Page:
When you look at the impact of these 2 events, ESPN's April prime time audience was up 11% versus last year among adults 18 to 49. In fact, it ranked as the top cable network among this key demographic. Going forward, ESPN is going to be rolling out 3 new films as part of its award-winning 30 for 30 series. We're also going to air a virtual 2020 ESPY on June 21. Additionally, ESPN will be bringing back several more of its marquee studio programs beginning the week of May 11. This will expand their live and quick turnaround studio programming to 11 straight hours each weekday. Sports will come back strong. And when they do, we believe ESPN is best positioned to benefit with more offerings than anyone else. And if it's a gradual process, where sports return for a period without spectators in the stands, we can count on ESPN to bring the same level of innovation that we saw with the NFL Draft and continue to deliver a great experience for sports fans.

On the studio side, we're incredibly excited about our upcoming slate of films. However, with theaters closed and our production shutdown due to COVID-19, we've had to reschedule a number of release dates for tentpole movies. These include Disney's Mulan for July 24; Marvel's Black Widow for November 6; Pixar's Soul on November 20; and 20th Century's Free Guy set for December 11. As many of you already know, Artemis Fowl, originally slated for a theatrical run, will debut exclusively in Disney+ starting on June 12. As we've said, our company's top priority and our key to our growth is our direct-to-consumer business. And I'm pleased to say that the response to Disney+, in particular, has exceeded even our highest expectations. We have been thrilled with the performance of the service since our initial launch in November, and we continue to expand into other markets.

In late March, as planned and despite COVID-19, we had an incredibly successful launch of Disney+ in Western Europe, followed by a highly successful launch in India. We announced in early April that in just 5 months, we had surpassed 50 million subscribers globally, a significant milestone for us. We've been quite pleased with the growth that we've seen in the 4 weeks since then, and there's more to come.

Disney+ will begin rolling out in Japan in June, followed by the Nordics, Belgium, Luxembourg and Portugal in September, and Latin America will follow towards the end of the year. This robust collection of library and original content available on Disney+ continues to grow, including with Disney's Frozen 2 and Pixar's Onward, which were released early as a special offering for families as a shelter-at-home. Yesterday's SVOD premiere of Episode IX: The Rise of Skywalker and the new behind-the-scenes documentary about the making of one of Disney+'s most successful series, The Mandalorian, along with the fall premiere of National Geographic's original series, The Right Stuff, based on the book by Tom Wolfe about NASA's Project Mercury.

This quarter, Hulu saw the successful launch of FX on Hulu. Nearly 45% of Hulu subscribers have accessed library, current and original content from the FX network on the service. Also, Hulu's strong original series continue to perform extremely well, as evidenced by the critically acclaimed hit series, Little Fires Everywhere, amongst others. Hulu had 32 million total subscribers at the end of Q2. We're enormously proud of what we've accomplished to date, and we're optimistic for the future.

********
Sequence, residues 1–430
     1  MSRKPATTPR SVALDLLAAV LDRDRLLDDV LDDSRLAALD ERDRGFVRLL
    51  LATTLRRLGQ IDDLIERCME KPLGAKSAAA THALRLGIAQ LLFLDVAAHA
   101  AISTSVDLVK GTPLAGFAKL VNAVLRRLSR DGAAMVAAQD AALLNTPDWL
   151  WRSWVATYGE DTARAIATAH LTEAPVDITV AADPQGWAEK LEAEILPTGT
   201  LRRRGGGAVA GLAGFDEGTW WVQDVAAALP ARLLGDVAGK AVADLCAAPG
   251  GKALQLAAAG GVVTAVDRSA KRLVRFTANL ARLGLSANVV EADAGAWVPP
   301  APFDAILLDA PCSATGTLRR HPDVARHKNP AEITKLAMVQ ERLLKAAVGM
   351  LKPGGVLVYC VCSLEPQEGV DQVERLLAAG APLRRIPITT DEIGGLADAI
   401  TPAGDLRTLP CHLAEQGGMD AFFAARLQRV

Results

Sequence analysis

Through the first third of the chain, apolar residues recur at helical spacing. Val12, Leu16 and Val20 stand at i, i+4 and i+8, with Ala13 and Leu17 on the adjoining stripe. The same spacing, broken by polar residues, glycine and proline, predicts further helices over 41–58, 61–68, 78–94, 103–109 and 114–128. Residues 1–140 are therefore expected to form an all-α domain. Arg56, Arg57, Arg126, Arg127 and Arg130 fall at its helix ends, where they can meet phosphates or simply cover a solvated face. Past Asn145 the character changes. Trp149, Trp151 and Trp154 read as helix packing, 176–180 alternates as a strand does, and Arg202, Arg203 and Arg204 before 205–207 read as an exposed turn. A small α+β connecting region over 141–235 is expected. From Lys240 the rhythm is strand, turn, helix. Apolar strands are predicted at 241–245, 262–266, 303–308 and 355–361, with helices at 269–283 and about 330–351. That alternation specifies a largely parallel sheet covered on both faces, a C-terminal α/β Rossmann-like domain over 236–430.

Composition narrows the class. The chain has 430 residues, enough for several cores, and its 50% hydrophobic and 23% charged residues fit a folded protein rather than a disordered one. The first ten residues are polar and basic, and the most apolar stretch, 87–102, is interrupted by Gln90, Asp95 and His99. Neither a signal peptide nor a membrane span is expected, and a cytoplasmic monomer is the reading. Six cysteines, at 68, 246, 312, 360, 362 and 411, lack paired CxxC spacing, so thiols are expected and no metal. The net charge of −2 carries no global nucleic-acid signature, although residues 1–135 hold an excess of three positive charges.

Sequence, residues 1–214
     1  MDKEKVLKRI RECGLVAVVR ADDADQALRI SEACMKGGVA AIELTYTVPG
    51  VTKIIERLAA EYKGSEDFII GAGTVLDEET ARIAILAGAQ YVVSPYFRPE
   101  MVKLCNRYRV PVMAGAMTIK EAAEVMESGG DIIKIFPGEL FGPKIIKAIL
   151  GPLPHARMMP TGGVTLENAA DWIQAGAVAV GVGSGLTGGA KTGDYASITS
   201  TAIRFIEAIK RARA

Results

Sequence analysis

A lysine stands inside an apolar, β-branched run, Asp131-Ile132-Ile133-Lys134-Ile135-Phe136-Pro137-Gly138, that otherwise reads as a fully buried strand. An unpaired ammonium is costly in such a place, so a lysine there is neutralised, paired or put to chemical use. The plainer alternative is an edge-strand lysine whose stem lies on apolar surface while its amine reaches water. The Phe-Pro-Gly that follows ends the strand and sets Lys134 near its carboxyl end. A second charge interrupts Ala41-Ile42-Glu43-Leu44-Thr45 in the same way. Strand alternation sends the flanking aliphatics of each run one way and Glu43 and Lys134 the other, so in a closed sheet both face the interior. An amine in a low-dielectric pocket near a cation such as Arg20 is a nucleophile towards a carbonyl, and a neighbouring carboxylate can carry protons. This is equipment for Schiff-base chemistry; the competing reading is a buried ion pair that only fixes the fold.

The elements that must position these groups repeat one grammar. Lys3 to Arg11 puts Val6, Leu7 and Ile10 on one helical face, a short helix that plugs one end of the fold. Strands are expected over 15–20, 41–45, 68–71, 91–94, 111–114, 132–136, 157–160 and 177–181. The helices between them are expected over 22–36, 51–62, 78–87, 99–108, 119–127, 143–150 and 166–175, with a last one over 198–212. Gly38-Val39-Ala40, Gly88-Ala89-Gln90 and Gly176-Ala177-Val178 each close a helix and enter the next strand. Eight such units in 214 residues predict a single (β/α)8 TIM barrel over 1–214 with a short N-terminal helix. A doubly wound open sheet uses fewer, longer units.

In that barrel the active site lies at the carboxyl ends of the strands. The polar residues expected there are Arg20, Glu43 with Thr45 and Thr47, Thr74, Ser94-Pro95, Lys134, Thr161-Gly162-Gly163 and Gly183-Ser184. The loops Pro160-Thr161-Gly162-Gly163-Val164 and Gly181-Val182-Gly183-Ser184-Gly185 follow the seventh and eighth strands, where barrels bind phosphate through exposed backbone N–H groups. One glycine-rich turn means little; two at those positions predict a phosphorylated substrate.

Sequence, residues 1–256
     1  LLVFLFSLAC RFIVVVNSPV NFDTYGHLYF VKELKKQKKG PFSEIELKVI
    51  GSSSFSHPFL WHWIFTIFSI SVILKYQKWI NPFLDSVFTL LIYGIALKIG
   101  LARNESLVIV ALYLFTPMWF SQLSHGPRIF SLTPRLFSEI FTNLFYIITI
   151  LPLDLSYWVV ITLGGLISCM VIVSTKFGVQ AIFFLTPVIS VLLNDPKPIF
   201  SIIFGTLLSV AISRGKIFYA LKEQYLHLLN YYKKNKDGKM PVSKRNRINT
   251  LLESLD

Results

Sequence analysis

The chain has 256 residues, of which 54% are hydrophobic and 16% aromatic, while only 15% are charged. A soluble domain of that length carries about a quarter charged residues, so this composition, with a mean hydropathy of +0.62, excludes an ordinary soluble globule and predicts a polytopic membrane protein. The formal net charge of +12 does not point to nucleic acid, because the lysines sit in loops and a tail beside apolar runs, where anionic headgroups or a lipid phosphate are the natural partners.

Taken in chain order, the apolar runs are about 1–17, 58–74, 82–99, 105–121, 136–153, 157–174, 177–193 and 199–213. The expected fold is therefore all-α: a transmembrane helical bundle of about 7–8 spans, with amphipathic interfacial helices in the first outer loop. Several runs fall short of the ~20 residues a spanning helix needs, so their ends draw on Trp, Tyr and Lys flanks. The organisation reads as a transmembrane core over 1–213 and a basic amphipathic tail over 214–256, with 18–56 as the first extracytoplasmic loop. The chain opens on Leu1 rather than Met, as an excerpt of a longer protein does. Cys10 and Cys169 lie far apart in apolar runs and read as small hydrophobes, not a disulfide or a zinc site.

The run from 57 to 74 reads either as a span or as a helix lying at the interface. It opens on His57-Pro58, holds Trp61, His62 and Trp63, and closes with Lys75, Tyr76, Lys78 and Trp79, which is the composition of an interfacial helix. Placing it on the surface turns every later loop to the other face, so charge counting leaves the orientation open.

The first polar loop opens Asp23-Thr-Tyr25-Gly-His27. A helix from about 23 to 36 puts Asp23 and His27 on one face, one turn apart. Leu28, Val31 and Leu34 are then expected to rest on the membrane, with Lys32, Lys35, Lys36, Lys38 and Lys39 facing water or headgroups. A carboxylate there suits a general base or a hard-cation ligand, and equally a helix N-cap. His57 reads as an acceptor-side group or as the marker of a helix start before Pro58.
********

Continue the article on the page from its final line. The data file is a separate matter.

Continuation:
As I said earlier, our businesses have experienced considerable disruption as a result of the COVID-19 pandemic. This forced us to implement a variety of measures to manage the short and long-term financial impact on our company. The first was a substantial reduction in senior executive compensation company-wide, which will remain in effect until we see a substantive economic recovery. We were fortunate for the first 5 weeks to be able to pay full salaries to those employees who were unable to perform their duties. However, with no way to predict when this crisis will end, we made the very difficult decision to begin furloughs on April 19. Unlike layoffs, the furlough process allows impacted workers to remain as Disney employees while continuing to receive their full health care benefits paid for by the company. We are fully committed to getting our employees back to work as quickly as the current situation allows. While these were not easy decisions, I do believe they have been the right ones given the unprecedented challenges that we're faced with.

Now before I turn it over to Christine, let me just reiterate what Bob said, and that is Disney is an exceptionally resilient company. With a great management team and thousands of talented and dedicated employees, we continue to deliver the exceptional brands, franchises and storytelling that consumers around the world have demonstrated a tremendous affinity for, and we are confident that we will emerge from this crisis in a strong position.

With that, I'll turn it over to Christine to talk more about the quarter, and then we'll be happy to answer your questions.

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Christine Mary McCarthy, The Walt Disney Company - Senior EVP & CFO [5]

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Thanks, Bob, and good afternoon, everyone. These are truly unprecedented times, and the COVID-19 pandemic has affected our company in a number of significant ways. From a financial standpoint, we estimate the adverse impact of COVID-19-related disruption on our second quarter operating income was as much as $1.4 billion, with the majority of that impact at our Parks, Experiences and Products segment. As a result, excluding certain items affecting comparability, earnings per share from continuing operations for the second quarter were $0.60.